If you are shooting a scene at the breakfast table with the kids still in their pyjamas, it would make sense to have the light streaming in low from the room’s windows. And at dinner-time, from the windows on the other side of the room.
If you want a spooky light, an extreme low or high angle cast on your actor’s face might help to achieve the effect you are after. Think of the basement scene in Hitchcock’s Psycho film.
While you are lighting your actors, take into consideration their eyes; are they lackluster and dull? Then give them a bright reflection – a catch light. It is unusual to see a professionally lit actor who is not lit with this ‘spark of life’.
Different light sources give out different colour temperatures. This is not a reference to the sort of temperature that makes you want to put your coat on (or take it off) – it is a reference to the fact that if you heat up a piece of iron, it will turn from black to red to yellow then to various shades of blue.
Tungsten lights have a colour temperature of about 3,200 Degrees Kelvin (named eponymously after Lord Kelvin of Nineteenth Century Scotland).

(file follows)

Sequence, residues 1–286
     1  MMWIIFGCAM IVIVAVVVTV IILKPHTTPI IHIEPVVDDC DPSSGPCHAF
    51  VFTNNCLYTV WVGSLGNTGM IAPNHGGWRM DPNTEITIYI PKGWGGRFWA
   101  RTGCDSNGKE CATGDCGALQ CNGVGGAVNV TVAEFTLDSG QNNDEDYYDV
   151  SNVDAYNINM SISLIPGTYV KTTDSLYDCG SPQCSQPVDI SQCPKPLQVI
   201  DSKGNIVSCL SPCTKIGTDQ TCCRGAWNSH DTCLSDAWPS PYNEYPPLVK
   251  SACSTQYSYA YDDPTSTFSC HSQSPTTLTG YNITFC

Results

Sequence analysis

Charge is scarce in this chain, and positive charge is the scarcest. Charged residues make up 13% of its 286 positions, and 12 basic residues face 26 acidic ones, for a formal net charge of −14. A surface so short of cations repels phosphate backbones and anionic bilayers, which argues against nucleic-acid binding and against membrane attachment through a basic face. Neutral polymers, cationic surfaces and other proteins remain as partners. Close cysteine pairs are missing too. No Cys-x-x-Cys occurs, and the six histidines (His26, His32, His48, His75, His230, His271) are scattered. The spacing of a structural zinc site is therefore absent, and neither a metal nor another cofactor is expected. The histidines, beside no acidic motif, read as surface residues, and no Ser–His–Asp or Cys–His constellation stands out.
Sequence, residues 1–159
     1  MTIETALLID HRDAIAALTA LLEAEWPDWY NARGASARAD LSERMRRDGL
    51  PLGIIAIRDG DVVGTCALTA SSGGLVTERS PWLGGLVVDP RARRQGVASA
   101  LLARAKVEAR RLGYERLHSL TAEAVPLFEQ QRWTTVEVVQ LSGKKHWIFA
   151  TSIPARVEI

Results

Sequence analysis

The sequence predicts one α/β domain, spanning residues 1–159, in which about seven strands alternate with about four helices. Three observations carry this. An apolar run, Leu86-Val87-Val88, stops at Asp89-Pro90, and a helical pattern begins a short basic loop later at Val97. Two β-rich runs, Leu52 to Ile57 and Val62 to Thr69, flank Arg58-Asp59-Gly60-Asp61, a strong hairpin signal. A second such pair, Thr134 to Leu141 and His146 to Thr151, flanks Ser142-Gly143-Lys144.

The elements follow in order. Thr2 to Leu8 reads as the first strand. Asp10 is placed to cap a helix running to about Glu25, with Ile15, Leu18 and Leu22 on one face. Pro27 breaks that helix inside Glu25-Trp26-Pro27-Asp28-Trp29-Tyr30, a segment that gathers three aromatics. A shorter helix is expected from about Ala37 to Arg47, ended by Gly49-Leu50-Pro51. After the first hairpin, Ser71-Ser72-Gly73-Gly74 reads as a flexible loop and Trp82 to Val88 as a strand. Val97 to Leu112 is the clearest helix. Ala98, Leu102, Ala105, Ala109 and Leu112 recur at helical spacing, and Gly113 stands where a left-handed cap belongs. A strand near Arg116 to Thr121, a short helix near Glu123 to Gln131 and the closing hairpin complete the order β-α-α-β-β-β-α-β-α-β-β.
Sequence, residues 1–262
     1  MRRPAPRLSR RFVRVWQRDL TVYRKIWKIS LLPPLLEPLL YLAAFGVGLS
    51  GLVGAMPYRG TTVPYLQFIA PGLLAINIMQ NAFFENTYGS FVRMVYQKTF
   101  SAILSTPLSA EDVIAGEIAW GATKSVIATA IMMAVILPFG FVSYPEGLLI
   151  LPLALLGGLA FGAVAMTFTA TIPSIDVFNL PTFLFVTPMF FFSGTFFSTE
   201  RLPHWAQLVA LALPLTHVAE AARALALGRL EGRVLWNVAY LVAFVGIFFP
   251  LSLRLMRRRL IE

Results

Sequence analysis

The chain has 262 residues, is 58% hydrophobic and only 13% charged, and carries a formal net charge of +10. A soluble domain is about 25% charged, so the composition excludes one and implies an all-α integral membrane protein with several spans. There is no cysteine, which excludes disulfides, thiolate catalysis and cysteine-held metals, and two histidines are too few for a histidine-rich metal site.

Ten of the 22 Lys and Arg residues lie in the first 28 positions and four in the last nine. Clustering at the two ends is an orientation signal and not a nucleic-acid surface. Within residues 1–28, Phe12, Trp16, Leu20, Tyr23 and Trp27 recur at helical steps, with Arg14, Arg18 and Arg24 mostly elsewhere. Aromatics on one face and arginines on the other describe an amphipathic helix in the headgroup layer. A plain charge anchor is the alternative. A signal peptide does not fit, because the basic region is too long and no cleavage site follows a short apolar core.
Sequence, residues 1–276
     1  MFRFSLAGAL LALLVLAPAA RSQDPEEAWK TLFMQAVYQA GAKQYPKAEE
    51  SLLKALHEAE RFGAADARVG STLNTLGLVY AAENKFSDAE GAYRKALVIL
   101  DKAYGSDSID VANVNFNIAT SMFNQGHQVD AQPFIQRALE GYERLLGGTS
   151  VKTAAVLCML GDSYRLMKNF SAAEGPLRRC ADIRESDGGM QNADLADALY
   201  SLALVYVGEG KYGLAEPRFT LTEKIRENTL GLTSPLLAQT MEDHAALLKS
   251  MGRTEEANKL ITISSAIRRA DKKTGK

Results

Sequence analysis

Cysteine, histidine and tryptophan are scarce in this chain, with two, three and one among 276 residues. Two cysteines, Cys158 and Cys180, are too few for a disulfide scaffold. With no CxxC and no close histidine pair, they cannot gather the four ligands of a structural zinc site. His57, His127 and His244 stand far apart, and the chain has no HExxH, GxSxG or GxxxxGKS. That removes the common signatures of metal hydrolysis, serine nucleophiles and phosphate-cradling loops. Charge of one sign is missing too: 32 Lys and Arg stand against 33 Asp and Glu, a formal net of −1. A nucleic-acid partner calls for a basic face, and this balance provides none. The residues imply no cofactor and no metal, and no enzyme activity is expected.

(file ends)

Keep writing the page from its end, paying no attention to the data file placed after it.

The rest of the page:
But if you are outside in New Zealand on a sunny day the colour temperature will be about 5,400K. This is a blue light.
If this seems unlikely, that is because your eyes have a sort of automatic white-balance as your brain quickly becomes accustomed to most common temperatures of light. But if you have ever taken a digital photo and wondered why it looked so orange or so blue, it is probably because the camera’s white balance was incorrectly set.
When shooting video, things can get a bit muddled if you’re shooting underneath a bright incandescent light near a window – the camera’s auto white balance may not know how it’s supposed to calibrate itself.
A source of light can be hard, soft, or anywhere in between, depending on the type of shadow it casts.
If you are lighting an actor who is playing a hardened villain, you might think twice before placing a diffusion filter in front of them. You would probably want to harden the light, emphasise their scars and rough skin – and you may be inclined to do the opposite if you are lighting the production’s femme fatale.
The main source of light on our planet is the sun.